“Animals can talk. Humans just weren't listening.” This captivating tale will take you on a journey through the mysterious world of a small amphibian who has many secrets and has lots to tell. Follow Toad as he navigates through challenges, overcomes fears, and helps a young boy named Eric discover the true power within and unravel the mystery of why all his friends are disappearing.


We spoke with Robert about his love of animals, what childhood experiences were incorporated into his book and the future of his creative writing journey.




You have previously shared with us that your love of writing has been a lifelong passion. I was wondering if you would be willing to share with us your earliest memory of storytelling and how your past experiences have led to Toad.


I wrote when I was a small boy, and never stopped. My first book was called Space Pirates and was about sixty pages long. I was about 7 years old then. I’ve tried writing fantasy, horror science fiction and even dabbled in scripts for a while.


My imagination was always ridiculous at times and I struggled a lot to understand how other people think at times. So, I suppose initially I write for me as an 8-year-old boy and hope other people like it.


I love creating things, whether it’s writing, music, building lego or wargames miniatures.



Toad is a magical tale of talking animals, mystery worlds and hidden secrets. How did you go about creating your book’s enchanting habitat and its inhabitants?


I love animals. The idea came from thinking about my old cat Alan, who is EXACTLY how he is described in TOAD. He was enormous and ginger and white, and would go out and fight foxes. He died of cancer.


I feel that there’s so much that goes on in the animal world that we don’t know about, and giving animals human personalities and traits is a great way of introducing concepts that are human (such as eating cheese sandwiches and snails being some kind of mafia). It adds to the humour factor and because it’s talking animals you can get away with silliness.


I love a lot of television shows that aren’t on any more, such as Rising Damp, Bottom, Department S, Jason King, Jonathan Creek- I also love the Carry On films. In all of these you get that quick retort and innuendo that sounds much better coming from animals with human ideals.


Below I outline how the characters are all parts of me, so crafting them was actually quite straightforward.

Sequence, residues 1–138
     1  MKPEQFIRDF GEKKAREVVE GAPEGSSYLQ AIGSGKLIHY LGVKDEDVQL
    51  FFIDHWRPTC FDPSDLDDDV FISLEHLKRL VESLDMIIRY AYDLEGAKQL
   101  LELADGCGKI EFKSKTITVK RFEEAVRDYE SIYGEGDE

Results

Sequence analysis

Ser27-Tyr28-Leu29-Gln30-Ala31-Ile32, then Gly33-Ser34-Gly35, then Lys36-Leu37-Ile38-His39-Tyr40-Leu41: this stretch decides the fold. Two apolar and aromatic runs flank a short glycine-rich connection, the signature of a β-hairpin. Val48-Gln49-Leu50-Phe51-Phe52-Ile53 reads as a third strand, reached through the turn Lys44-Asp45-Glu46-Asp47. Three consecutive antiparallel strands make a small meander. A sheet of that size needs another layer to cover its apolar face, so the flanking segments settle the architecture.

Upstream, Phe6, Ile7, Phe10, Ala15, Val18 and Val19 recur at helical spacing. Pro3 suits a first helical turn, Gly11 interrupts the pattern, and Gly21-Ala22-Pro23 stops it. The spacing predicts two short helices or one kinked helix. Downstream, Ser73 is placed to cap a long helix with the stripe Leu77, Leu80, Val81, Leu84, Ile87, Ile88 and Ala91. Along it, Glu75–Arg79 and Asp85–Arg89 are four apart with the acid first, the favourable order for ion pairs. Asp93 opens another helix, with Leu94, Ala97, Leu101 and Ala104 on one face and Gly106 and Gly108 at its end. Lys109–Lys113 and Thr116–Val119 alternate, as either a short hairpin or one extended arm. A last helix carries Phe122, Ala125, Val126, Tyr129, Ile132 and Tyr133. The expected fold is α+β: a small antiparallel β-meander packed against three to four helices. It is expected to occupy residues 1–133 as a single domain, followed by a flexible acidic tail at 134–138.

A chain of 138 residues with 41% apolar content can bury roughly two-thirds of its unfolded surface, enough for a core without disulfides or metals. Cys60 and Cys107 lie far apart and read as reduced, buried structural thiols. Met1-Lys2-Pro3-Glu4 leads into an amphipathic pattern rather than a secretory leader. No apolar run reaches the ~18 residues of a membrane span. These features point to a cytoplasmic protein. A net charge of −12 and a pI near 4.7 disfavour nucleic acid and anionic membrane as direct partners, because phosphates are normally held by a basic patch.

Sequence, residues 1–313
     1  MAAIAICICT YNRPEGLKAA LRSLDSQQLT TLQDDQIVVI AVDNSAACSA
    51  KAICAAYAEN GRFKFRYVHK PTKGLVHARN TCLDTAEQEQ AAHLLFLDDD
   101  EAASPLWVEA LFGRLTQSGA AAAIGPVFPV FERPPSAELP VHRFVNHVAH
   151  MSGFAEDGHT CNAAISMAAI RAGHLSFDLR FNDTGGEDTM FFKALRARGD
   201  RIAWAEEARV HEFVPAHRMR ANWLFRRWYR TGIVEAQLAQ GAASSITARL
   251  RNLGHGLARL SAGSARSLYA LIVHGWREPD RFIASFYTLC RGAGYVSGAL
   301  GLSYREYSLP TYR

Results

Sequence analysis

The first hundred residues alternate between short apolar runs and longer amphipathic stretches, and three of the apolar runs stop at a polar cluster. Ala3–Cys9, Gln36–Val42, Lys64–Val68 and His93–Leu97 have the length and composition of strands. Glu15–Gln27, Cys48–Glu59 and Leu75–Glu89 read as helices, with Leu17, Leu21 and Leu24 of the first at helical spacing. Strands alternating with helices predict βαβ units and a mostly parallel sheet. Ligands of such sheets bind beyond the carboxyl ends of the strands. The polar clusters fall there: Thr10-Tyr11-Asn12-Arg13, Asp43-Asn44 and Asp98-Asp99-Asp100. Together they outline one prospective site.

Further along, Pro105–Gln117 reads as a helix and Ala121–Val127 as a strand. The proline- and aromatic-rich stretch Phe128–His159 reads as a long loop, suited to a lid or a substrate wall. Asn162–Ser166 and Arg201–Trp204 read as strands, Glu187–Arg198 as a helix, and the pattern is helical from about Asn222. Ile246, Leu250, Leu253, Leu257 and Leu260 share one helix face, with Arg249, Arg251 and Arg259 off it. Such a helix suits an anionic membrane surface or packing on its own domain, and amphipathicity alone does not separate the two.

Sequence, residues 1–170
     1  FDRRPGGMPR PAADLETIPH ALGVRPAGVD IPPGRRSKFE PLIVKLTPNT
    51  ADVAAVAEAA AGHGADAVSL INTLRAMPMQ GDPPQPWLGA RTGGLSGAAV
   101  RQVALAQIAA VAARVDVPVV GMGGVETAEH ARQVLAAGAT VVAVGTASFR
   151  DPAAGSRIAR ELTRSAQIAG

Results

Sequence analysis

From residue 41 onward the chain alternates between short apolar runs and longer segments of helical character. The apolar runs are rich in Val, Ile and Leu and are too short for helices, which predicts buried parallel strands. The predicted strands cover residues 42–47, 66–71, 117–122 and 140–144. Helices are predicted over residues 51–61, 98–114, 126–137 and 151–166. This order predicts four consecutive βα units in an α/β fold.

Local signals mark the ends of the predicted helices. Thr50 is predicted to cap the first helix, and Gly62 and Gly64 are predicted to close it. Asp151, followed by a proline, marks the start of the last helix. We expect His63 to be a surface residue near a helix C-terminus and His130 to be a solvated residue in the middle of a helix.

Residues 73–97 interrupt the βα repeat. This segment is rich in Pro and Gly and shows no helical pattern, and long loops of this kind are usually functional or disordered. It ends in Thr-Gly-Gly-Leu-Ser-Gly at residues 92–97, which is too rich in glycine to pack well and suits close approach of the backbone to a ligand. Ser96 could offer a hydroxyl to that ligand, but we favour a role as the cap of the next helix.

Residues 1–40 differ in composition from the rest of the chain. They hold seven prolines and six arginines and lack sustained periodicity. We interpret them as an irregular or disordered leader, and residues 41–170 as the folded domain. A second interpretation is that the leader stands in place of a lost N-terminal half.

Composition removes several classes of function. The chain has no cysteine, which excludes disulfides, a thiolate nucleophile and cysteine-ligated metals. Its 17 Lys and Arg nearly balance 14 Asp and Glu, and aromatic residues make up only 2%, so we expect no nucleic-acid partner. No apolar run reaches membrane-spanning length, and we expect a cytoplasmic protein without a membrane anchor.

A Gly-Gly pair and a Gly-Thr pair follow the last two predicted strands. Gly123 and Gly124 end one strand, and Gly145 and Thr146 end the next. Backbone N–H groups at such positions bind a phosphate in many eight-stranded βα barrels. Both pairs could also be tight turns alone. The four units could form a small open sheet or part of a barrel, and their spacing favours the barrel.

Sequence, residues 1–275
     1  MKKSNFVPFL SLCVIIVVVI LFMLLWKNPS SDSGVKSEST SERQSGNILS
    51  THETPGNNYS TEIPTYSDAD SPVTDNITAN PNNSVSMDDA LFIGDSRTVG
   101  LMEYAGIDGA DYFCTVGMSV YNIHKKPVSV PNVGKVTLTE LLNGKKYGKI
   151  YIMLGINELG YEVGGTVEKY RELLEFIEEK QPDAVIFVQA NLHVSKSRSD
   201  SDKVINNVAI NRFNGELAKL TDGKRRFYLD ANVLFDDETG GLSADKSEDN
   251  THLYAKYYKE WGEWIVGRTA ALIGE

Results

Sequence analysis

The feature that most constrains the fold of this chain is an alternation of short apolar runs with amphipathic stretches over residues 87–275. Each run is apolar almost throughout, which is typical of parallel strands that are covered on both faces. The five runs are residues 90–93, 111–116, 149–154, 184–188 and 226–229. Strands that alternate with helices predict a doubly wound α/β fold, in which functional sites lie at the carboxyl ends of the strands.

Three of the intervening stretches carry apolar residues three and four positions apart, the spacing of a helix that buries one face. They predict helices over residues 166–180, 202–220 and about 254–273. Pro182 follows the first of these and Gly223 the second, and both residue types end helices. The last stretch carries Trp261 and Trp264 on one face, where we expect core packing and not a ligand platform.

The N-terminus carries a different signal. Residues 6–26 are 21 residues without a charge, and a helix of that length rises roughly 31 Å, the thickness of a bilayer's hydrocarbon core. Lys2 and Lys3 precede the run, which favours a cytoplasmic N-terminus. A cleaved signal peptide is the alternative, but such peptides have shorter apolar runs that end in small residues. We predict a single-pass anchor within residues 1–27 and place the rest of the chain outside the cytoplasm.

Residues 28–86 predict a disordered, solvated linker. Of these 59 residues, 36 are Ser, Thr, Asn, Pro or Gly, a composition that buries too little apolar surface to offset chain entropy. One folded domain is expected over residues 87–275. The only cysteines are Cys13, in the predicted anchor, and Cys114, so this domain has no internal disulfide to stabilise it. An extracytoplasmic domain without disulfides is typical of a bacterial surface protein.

The locations are a throwback to the days when we had traditional British stories written by authors such as Enid Blyton, Agatha Christie. There’s a church in Stretford where I’m from which provided the backdrop for the wood / grave scenes.



The young boy in your book is called Eric, who goes on to discover the true power of the animals and forest. How much of your childhood experiences are in Eric? Were you like Eric when you were younger?


Eric is slightly different to other children, and that’s how I was with Aspergers. I wasn’t diagnosed until I was 17 though. I’ve always preferred animals to people. I think there’s a lot of frustration in the book that comes out in the story, especially in how each character is. Eric is the observant child who notices what others don’t - Toad is the comedy factor, a jester. Alan is the part of me that has a sense of honour and feels he needs to prove himself and always feels that he should be forgiven for something, regardless of how others see him. Spude is my love of oddness and weird facts. I suppose Shadow is my feelings of wanting to let the pain out.


I’ve felt alone a lot, and these characters in a way make my own company tolerable in their reflections of me.



Was there a direct inspiration that led to you writing stories for children? You have thanked Terry Pratchett and his young reader friendly books in your acknowledgements but is there a personal reason for your decision?


When I was young, reading was basically all I had. All the other kids have these trainers and I had books. I’m ashamed that there’s a lot of people who struggle to read and I wanted to get children into reading. That’s why Toad is relatively short.


I also think that animals and magic are topics that younger readers will relate to before their views of the world are fixed. That silliness that arises from a talking animal lecturing a boy about how to use eggs as a thrown weapon - that kind of thing.



After Toad, where do you see yourself heading in your creative writing journey?


I want this to continue. I’m already writing the follow up to TOAD - THE LAST BADGER (it actually starts with how Spude loses his body).


Obviously writing full time is the dream but I’ll still be going to work at the moment. It’s nice to dream.


Without writing I’ve got nothing - it’s what keeps me going. I’ve got loads more ideas for the ‘Toadiverse’ and want this to continue in a series.




Toad is available in paperback.